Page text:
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A spell can take unexpected forms: freshly shaved scalp, dramatic all black, killer heels. Add a dash of leather, an o-ring belt or choker, an impeccable cat eye. Finish with a blindly bright red or orange lip. It’s a signature look —and a summoning spell—for Gaby Herstik, fashion witch. Known for her monthly NYLON column, “Ask A Witch!” as much as her tarot inspired styling, Herstik covers a beat that extends over the occult and fashion, as well as her gig writing full time as the Latinx culture writer for Hello Giggles. She’s just announced a book project with Ebury Random House for next year, to help witches find their own particular brand of magic. For now, she’s here to chat about bring the spiritual and the material together in enchanting ways.

For Herstik, fashion should be empowerment. “It’s a privilege to be who you are,” she explains, “so if you have it, take advantage!” We present our selves to the world in the way we dress and do our hair, the makeup and the jewelry. It’s glamorous, but it’s also a glamour— an intentional veil to make reality appear to be something entirely different. Herstik explains that she thinks of this as just as true in fashion. We think of this kind of glamour as something out of fairytales, but it’s also a part of our daily routine. “Glamour is curated beauty, a version of yourself you shape so others see you in a light that you wish them to. For me, my glamour is a glamour; but it’s also an extension of who I am and a way in which I continue to have bodily sovereignty. By presenting myself in a certain way, I’m forcing people to see my through a lens of my choosing. That’s a glamour!”

It’s as much an intuitive practice as a deliberate one. Sometimes she knows what she wants to wear the night before, sometimes it’s a bit more spontaneous. If she wakes up with no clue, sometimes Herstik will draw her daily tarot card for inspiration before she does her makeup. “My magick, and fashion sense, is intuitive so they play together. I use fashion as spiritual armor.”

She also tries to approach stocking her closet with intention, avoiding fast fashion in favor of vintage. Shopping vintage, she says, is like helping clothes reincarnate. Color magick is a part of channeling the energy of day too, for a closet as symbolically rich as any tarot deck. The space gets smoke cleansed with sage and palo santo. Sometimes, the next day’s outfit rests altar overnight with crystals on it. She’s even experimented with sigils as a way to protect and bless her clothing.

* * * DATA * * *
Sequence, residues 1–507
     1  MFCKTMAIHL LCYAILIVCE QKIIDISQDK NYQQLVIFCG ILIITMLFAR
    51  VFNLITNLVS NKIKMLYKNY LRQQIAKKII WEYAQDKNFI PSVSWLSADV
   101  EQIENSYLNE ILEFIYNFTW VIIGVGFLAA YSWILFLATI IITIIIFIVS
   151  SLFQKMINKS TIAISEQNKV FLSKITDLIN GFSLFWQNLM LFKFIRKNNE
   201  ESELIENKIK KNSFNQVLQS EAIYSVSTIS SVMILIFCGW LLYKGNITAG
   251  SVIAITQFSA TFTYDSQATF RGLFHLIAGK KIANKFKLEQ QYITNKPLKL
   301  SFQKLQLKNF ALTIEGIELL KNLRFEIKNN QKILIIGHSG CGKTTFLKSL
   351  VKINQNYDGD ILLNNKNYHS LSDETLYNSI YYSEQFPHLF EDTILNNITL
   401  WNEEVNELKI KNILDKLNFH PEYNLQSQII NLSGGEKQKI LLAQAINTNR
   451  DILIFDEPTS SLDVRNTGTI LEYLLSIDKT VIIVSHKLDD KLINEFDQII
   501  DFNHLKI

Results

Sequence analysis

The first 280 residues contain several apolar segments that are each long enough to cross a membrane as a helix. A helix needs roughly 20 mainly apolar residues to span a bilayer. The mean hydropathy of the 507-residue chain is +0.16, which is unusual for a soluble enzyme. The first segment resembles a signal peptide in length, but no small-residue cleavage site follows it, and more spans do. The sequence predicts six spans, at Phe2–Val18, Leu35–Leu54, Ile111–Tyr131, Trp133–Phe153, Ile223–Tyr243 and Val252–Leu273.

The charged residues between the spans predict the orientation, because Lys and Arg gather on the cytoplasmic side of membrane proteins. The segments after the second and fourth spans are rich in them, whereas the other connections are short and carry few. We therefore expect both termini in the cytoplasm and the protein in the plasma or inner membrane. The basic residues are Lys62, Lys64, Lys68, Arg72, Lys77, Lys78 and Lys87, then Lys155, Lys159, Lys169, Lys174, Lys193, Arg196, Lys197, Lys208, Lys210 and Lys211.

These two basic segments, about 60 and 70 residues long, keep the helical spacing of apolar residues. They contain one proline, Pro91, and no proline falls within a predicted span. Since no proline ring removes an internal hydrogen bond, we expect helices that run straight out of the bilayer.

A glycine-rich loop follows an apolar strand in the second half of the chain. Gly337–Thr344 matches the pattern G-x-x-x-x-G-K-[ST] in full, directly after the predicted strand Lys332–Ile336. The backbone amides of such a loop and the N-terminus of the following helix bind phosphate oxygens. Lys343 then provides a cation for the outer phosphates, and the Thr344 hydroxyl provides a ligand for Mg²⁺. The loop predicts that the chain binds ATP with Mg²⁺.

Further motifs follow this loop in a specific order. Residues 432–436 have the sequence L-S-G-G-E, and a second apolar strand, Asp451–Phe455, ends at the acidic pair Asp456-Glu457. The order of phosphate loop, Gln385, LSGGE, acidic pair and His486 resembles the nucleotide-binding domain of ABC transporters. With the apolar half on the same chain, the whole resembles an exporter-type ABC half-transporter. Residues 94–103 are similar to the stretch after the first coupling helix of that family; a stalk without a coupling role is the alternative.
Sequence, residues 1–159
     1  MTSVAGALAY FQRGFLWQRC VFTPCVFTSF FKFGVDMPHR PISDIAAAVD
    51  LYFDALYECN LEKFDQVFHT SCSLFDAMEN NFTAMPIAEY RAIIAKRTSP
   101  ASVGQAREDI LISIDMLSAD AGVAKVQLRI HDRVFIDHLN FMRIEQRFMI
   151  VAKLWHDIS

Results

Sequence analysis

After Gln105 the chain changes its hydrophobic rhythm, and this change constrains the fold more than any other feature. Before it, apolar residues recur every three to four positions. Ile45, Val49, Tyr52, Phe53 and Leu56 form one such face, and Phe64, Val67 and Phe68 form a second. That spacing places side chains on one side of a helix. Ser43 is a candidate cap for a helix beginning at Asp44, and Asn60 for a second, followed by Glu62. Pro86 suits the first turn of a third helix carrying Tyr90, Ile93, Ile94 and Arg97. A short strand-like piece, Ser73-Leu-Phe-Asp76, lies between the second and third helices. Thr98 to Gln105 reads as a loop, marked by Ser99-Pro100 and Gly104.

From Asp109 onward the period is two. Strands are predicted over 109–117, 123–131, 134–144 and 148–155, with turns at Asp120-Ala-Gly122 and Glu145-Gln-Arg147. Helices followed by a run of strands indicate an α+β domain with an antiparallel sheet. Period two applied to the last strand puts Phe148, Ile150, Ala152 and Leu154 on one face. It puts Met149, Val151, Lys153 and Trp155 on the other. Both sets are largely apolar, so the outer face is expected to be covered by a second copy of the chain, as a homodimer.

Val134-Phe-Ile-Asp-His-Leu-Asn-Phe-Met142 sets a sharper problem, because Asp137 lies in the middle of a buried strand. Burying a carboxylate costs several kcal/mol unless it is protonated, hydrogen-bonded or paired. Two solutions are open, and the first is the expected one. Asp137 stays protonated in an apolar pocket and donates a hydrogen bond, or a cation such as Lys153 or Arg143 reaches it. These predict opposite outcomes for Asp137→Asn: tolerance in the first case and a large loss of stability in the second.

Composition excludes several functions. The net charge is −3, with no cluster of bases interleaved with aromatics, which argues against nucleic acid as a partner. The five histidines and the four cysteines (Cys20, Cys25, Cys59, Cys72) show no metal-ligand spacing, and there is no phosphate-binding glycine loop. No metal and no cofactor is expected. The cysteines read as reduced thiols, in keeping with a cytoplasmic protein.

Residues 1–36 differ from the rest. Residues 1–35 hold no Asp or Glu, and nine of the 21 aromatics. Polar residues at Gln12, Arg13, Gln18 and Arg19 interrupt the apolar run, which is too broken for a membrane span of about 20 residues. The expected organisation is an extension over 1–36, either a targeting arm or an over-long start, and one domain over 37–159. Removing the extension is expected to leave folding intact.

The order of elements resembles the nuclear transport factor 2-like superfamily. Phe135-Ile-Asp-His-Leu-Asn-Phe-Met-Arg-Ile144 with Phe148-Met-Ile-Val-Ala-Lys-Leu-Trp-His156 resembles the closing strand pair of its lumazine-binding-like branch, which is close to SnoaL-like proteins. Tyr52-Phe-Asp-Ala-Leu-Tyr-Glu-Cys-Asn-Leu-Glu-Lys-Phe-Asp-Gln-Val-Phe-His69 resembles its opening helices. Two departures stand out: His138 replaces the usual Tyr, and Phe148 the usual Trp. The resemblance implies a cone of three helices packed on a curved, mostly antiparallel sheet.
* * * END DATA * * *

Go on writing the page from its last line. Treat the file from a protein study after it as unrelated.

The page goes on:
Those of us don’t wake up flawless do a little magic before we leave each morning. For this witch, the practice is explicit. Describing her morning routine, she notes that she tries to keep the moon in mind as she gets ready for the day, “That affects how I dress and do my makeup. If the moon is in Scorpio, which is what my moon is in, I’ll wear something that makes me feel sexy and powerful. If it’s in Cancer, I’ll wear something that connects me to my heart, like a flowing dress or a rose quartz necklace.”

Herstik wakes around 7:20 am with stretching and washing up. She checks on the moon phases, and does her makeup accordingly. “If I don’t know what to wear or how to do my makeup I’ll draw my tarot card first, finding inspiration in that message.” After breakfast, she pulls a tarot card and then meditates on it before getting dressed. An outfit or makeup selfie is as much a part of the ritual as the outfit itself, and then she’s ready to head out the door.

Fashion has been a part of Herstik’s life almost as long as her craft. She grew up in a household that encouraged spirituality, with mother who introduced her to yoga and a rabbi for a father. It was a trip to Salem as a third grader provided a window into witchcraft. “I went to Salem on Halloween, and saw my first ritual there. I went to the witchcraft museum where I stood in front of a robotic figure that told me about the rule of three and the wiccan rede. I felt something shift in my soul.” A few years later, Herstik received a faery oracle deck, bought A Witches Guide to Faery Folk. By the time she was studying for her Bat Mitzvah, she considered herself both pagan and a witch.

Later aspects of fashion wore themselves into her craft. “There are certain accessories and pieces of clothing I bought growing up that I had an energetic connection with… I realized later on that these were intertwined with my magick and energy.” She bounce with adolescence enthusiasm from dreams of fashion design to modeling, eventually settling on fashion writing. She looking back, she now sees the craft and fashion as intrinsically related.

“Fashion has allowed me to redefine who I am every single day,” she enthuses. “I think it’s a magick on it’s own and I know that for me it’s true because I feel different in a good outfit.” It is magick that has grown her confidence in incredible ways, helped her discover herself at both a physical and spiritual level. Through social media, she’s happy to share this journey with others, and hears back from them in return. When other people share their stories and magic, it never fails to make her emotional. “It always makes me cry, it’s still unreal, but I think that’s part of the magick too. When we wake up and when we allow people to see that, we allow other people to wake up too.”

As much as she loves living in just her skyclad skin, it’s not usually the appropriate outfit for going out. “I love being naked, but that doesn’t fly, so fashion magick is something I do every day. It grows with me as I grow!”

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